For Friday

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# For Friday - PowerPoint PPT Presentation

For Friday. Exam 1. For Monday. No reading Take home portion of exam due. Program 2. Any questions?. Sample Resolution Problem. Jack owns a dog. Every dog owner is an animal lover. No animal lover kills an animal. Either Jack or Curiosity killed Tuna the cat.

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Presentation Transcript
For Monday
• Take home portion of exam due
Program 2
• Any questions?
Sample Resolution Problem
• Jack owns a dog.
• Every dog owner is an animal lover.
• No animal lover kills an animal.
• Either Jack or Curiosity killed Tuna the cat.
• Did Curiosity kill the cat?
In Logic Form

A) \$x Dog(x) Ù Owns(Jack,x)

B) "x (\$y Dog(y) Ù Owns(x,y)) Þ AnimalLover(x))

C) "x AnimalLover(x) Þ ("y Animal(y) Þ ¬Kills(x,y))

D) Kills(Jack,Tuna) Ú Kills(Cursiosity,Tuna)

E) Cat(Tuna)

F) "x(Cat(x) Þ Animal(x))

Query: Kills(Curiosity,Tuna)

In Normal Form

A1) Dog(D)

A2) Owns(Jack,D)

B) Dog(y) Ù Owns(x,y) Þ AnimalLover(x)

C) AnimalLover(x) Ù Animal(y) Ù Kills(x,y) Þ False

D) Kills(Jack,Tuna) Ú Kills(Curiosity,Tuna)

E) Cat(Tuna)

F) Cat(x) Þ Animal(x)

Query: Kills(Curiosity,Tuna) Þ False

Knowledge Representation
• Issue of what to put in to the knowledge base.
• What does an agent need to know?
• How should that content be stored?
Ontology
• What is an ontology?
• Why does it matter?
• What is the difference between a general-purpose ontology and a domain-specific ontology?
Issue 1: Categories
• Why are categories important?
• Identifying categories.
• Predicates or objects?
• Important terms:
• Inheritance
• Taxonomy
Categories
• Membership
• Subset or subclass
• Disjoint categories
• Exhaustive Decomposition
• Partitions of categories
Other Issues
• Physical composition
• Measurement
• Individuation
• Count nouns vs. mass nouns
• Intrinsic properties vs. extrinsic properties
Issue 2: Change
• When an agent performs actions, the situation the agent is in changes.
• Sometimes need to reason about the situation.
• Planning
Axioms for Actions
• Can we do the action?
• What changes?
• What stays the same?
• The frame problem
• Identify changes to the situation and assume everything else remains the same.
• Effect axioms become lists of changes.
More than One Agent
• Keep track of events rather than situations.
• Have to deal with intervals of time.
• Have to deal with processes. How do processes differ from discrete events?
• Objects and their relation to events.
Issue 3: Belief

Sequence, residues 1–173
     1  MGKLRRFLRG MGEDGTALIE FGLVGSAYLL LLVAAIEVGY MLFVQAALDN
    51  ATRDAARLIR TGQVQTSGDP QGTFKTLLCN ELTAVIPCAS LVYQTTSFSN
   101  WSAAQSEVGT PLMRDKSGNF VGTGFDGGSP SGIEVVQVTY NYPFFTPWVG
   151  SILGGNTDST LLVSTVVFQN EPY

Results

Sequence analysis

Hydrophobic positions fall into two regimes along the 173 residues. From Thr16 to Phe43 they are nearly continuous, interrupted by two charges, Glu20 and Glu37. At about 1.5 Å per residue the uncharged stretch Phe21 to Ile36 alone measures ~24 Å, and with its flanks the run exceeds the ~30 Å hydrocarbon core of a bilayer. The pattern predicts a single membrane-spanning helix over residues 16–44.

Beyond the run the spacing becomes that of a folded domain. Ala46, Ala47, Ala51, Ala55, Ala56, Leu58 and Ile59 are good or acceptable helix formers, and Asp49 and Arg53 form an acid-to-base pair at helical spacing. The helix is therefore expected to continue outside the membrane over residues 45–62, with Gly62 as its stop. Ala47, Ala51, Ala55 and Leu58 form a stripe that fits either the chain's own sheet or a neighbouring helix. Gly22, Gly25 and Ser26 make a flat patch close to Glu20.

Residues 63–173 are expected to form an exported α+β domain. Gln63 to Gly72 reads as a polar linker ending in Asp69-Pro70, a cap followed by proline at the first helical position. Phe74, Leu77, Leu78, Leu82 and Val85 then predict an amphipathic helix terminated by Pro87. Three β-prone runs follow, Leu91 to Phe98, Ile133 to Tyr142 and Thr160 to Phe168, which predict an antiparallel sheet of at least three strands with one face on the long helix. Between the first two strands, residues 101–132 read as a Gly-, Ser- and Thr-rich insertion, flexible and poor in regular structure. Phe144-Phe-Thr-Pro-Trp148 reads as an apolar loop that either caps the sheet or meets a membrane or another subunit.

• Turning propositions into objects: reification. What is this and why is it necessary?
• What is the issue of referential transparency vs. referential opaqueness?
• Special rules for handling belief:
• If I believe something, I believe that I believe it.
• Need to still provide a way to indicate that two names refer to the same thing.
Knowledge and Belief
• How are they related?
• Knowing whether something is true
• Knowing what
Semantic Networks
• Use graphs to represent concepts and the relations between them.
• Simplest networks are ISA hierarchies
• Must be careful to make a type/token distinction:

Garfield isa Cat Cat(Garfield)

Cat isa Feline "x (Cat (x) Þ Feline(x))

• Restricted shorthand for a logical representation.
Semantic Nets/Frames
• Labeled links can represent arbitrary relations between objects and/or concepts.
• Nodes with links can also be viewed as frames with slots that point to other objects and/or concepts.
Rel(Alive,Animals,T)

Rel(Flies,Animals,F)

Birds  Animals

Mammals  Animals

Rel(Flies,Birds,T)

Rel(Legs,Birds,2)

Rel(Legs,Mammals,4)

Penguins  Birds

Cats  Mammals

Bats  Mammals

Rel(Flies,Penguins,F)

Rel(Legs,Bats,2)

Rel(Flies,Bats,T)

Opus  Penguins

Bill  Cats

Pat  Bats

Name(Opus,"Opus")

Name(Bill,"Bill")

Friend(Opus,Bill)

Friend(Bill,Opus)

Name(Pat,"Pat")

First Order Representation
Inheritance
• Inheritance is a specific type of inference that allows properties of objects to be inferred from properties of categories to which the object belongs.
• Is Bill alive?
• Yes, since Bill is a cat, cats are mammals, mammals are animals, and animals are alive.
• Such inference can be performed by a simple graph traversal algorithm and implemented very efficiently.
• However, it is basically a form of logical inference

"x (Cat(x) Þ Mammal(x))

"x (Mammal(x) Þ Animal(x))

"x (Animal(x) Þ Alive(x))

Cat(Bill)

|- Alive(Bill)

Backward or Forward
• Can work either way
• Either can be inefficient
• Usually depends on branching factors
• Must be careful to distinguish different types of links.
• Links between tokens and tokens are different than links between types and types and links between tokens and types.
Inheritance with Exceptions
• Information specified for a type gives the default value for a relation, but this may be over­ridden by a more specific type.
• Tweety is a bird. Does Tweety fly? Birds fly. Yes.
• Opus is a penguin. Does Opus fly? Penguin's don't fly. No.
Multiple Inheritance
• If hierarchy is not a tree but a directed acyclic graph (DAG) then different inheritance paths may result in different defaults being inherited.
• Nixon Diamond
Nonmonotonicity
• In normal monotonic logic, adding more sentences to a KB only entails more conclusions.

if KB |- P then KB È {S} |- P

• Inheritance with exceptions is not monotonic (it is nonmonotonic)
• Bird(Opus)
• Fly(Opus)? yes
• Penguin(Opus)
• Fly(Opus)? no
Nonmonotonic logics attempt to formalize default reasoning by allow default rules of the form:
• If P and concluding Q is consistent, then conclude Q.
• If Bird(X) then if consistent Fly(x)
Defaults with Negation as Failure
• Prolog negation as failure can be used to implement default inference.

fly(X) :­ bird(X), not(ab(X)).

ab(X) :­ penguin(X).

ab(X) :­ ostrich(X).

bird(opus).

? fly(opus).

Yes

penguin(opus).

? fly(opus).

No